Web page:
I am hopeful that dog sledding will someday work its way into the IOC as a sanctioned Winter Olympic event. I believe it would help to promote an even more positive public perception of sled dogs as working animals that love their work and their relationships with their human athlete counterparts. My biggest dream for dog sledding is that huskies will one day be allowed to return to the Antarctic continent and carry on their extraordinary historic legacy.

To the beginning musher, what advice would you give?
Get a good, reliable lead dog, even an older one is OK. They will teach you more than you can imagine and can help you out of a tight spot when learning the ropes. A good leader will make your experience safer and more rewarding. There is no substitute for a good lead dog. Also, never blame any dog for your problems or mistakes.

If mushers were to do something to perpetuate the dog sledding sport, what would that be?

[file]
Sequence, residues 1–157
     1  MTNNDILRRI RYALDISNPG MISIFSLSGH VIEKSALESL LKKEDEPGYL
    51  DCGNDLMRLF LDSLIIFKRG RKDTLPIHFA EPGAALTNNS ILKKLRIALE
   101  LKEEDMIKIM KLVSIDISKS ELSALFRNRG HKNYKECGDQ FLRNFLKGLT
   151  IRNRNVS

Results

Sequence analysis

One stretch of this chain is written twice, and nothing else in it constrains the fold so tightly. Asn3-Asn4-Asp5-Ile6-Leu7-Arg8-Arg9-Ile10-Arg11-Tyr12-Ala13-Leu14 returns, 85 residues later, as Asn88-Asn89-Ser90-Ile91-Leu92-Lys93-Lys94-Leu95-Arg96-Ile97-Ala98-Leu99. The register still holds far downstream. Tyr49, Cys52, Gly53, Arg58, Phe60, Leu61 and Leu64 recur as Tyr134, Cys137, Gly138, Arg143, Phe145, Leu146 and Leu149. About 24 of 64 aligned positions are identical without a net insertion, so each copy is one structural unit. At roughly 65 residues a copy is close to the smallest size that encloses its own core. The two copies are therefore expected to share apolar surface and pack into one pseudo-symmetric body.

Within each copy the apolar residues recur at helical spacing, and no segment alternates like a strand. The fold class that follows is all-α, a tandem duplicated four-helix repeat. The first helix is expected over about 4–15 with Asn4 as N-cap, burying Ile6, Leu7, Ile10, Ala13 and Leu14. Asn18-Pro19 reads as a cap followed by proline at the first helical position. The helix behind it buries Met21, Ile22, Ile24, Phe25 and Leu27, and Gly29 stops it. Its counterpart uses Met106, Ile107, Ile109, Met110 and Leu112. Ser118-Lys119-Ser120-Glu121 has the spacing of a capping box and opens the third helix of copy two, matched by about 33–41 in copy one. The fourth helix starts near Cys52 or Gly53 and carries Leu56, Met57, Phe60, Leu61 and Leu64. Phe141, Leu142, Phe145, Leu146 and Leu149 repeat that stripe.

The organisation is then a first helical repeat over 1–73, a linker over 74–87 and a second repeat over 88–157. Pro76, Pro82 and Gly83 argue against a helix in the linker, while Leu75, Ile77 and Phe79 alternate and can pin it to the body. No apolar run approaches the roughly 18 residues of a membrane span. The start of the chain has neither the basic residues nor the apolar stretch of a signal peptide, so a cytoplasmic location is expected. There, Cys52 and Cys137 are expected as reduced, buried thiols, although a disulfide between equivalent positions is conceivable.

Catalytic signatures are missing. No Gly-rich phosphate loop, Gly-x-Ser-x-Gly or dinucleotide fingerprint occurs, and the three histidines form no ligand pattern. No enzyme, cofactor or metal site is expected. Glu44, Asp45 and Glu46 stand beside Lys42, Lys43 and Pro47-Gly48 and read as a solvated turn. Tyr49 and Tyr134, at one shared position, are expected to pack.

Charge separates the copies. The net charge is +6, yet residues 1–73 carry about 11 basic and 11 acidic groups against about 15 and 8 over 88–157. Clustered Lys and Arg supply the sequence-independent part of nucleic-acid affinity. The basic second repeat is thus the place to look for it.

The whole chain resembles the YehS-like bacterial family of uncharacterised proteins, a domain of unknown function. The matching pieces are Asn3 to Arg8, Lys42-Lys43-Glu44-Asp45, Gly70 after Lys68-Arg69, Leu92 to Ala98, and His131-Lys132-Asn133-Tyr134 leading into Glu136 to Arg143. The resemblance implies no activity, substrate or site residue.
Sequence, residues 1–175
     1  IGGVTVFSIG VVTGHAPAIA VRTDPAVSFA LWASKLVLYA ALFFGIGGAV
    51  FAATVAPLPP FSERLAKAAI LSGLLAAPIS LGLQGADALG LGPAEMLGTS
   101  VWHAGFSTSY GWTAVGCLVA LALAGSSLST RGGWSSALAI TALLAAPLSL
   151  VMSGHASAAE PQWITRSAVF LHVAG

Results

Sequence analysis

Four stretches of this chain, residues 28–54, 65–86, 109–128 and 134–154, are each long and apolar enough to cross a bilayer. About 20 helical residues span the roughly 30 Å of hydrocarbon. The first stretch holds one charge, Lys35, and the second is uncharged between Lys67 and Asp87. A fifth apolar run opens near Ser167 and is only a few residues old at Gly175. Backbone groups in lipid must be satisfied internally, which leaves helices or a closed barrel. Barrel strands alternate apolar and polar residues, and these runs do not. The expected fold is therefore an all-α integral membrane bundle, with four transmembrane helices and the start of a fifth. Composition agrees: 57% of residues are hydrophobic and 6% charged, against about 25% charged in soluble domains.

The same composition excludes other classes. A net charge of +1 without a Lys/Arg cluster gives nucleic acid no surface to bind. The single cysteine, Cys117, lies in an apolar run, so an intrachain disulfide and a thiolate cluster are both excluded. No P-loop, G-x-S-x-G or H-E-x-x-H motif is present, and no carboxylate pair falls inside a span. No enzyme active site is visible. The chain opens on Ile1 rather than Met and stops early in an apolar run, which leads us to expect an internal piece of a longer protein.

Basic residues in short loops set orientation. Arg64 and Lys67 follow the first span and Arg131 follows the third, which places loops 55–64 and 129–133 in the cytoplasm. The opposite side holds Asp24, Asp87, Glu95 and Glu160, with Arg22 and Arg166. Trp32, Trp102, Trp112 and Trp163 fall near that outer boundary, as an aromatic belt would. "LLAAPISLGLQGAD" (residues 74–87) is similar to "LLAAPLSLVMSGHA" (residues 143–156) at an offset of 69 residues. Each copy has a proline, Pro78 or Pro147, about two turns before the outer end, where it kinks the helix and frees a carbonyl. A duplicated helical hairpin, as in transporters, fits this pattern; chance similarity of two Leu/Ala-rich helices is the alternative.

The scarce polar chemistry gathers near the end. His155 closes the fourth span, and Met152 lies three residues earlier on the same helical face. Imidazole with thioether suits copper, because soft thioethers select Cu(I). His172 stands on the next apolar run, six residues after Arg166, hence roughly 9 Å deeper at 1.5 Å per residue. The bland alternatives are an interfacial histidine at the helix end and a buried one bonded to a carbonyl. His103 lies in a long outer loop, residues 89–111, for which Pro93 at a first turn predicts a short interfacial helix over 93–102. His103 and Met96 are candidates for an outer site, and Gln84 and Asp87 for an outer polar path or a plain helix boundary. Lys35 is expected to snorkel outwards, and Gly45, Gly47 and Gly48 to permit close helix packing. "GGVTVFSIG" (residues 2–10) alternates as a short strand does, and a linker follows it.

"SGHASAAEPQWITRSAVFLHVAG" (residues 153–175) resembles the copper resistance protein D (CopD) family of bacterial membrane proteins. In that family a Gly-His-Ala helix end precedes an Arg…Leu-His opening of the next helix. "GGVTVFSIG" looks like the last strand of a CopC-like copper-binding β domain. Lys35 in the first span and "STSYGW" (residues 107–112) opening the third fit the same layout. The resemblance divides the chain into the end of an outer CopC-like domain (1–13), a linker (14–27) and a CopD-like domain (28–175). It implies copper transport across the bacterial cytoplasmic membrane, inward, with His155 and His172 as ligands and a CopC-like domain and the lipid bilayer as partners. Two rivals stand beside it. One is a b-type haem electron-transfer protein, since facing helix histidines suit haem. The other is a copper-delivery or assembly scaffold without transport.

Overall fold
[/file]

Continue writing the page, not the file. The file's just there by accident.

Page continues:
Public perception of dog mushing has a lot to do with how people see dogs treated by their owners. Be a responsible musher and take the greatest possible care of your dogs. The sight of happy, well socialized dogs by the public is a reassurance that these dogs are truly living the lives they were born to have.

Anything else for the mushing community to hear?
Life is precious and short and especially so for dogs. Enjoy the trail and your journey together. Cherish every single day with your very special canine best friends.

Related posts:

  1. Interview with Ed & Tasha Stielstra
  2. Interview with Ken Anderson